When Jess and I began house hunting last spring, one of the reasons Jess and I even looked in Ayer was the preponderance of new home construction. We're (I) are not exactly the type of folks who could purchase an older home and spend 6-12 months fixing it up. When we found our house, there was a single older home on the street, with an attached Harley Davidson repair garage. I'd had it in my head for a while that I should head on over and knock on their door, that there had to be a great photo to be had, but with wedding season in full swing, I just didn't have the time. Last week I finally had the opportunity to head over and meet Bob, the owner of B&J Cycles.
I wasn't really sure what to expect, but what I walked into was part motorcycle repair shop, part Harley Davidson museum, and part local historical society. In addition to two Harley's in various states of repair, Bob had a couple of racing bikes, photos dating back to when his was the only house on the block, and more than a few photos on the wall that might make a, um, choir boy squirm. To spend even five minutes with Bob is to get a lesson in all things Harley Davidson. For a guy whose not so mechanically inclined, it was nice that he assumed that I had a certain level of what can only be called "man motor knowledge", but the truth is beyond changing a flat and my own oil, my understanding of all things automotive ends there.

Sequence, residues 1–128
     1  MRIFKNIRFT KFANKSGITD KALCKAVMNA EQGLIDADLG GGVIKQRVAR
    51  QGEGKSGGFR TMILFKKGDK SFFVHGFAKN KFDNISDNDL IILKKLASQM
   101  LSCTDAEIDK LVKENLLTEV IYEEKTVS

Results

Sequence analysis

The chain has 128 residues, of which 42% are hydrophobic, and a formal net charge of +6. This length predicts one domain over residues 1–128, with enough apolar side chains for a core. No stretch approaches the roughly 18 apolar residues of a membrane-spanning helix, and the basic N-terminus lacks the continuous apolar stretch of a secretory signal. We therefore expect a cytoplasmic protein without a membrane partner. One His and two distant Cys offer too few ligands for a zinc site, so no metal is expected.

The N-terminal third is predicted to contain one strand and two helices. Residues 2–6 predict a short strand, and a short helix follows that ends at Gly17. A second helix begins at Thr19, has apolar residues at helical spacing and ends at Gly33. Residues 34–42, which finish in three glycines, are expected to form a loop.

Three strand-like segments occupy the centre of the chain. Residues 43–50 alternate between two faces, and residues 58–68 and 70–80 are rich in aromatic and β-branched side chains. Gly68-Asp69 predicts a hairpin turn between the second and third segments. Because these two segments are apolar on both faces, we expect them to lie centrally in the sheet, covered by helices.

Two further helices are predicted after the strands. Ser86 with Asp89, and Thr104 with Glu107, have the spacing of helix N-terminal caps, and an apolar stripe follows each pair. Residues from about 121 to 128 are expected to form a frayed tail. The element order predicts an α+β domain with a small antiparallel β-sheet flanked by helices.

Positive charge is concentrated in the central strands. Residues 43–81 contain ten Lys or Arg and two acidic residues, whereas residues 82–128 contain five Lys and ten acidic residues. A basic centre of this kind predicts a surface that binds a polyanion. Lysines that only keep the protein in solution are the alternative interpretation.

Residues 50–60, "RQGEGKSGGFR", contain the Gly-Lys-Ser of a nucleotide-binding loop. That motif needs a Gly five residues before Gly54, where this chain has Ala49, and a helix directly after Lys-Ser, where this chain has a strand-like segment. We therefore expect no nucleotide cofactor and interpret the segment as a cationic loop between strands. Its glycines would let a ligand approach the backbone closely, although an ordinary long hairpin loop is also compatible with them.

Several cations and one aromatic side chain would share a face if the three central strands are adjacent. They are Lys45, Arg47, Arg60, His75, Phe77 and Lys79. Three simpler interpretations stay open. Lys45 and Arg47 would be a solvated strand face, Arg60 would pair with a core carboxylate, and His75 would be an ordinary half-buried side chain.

This weekend also coincided with my having a loaner of a Hasselblad H2 and Phase one P25 from Derrick Brown of Imagelink in Lexington, and I thought a portrait of Bob would be the perfect way to put the new camera through its paces, but more on the camera (and the other shoot I did with it this weekend) tomorrow. Yesterday afternoon Mike and I headed over to spend a few minutes with Bob, and to make a few photos, and my favorite is below.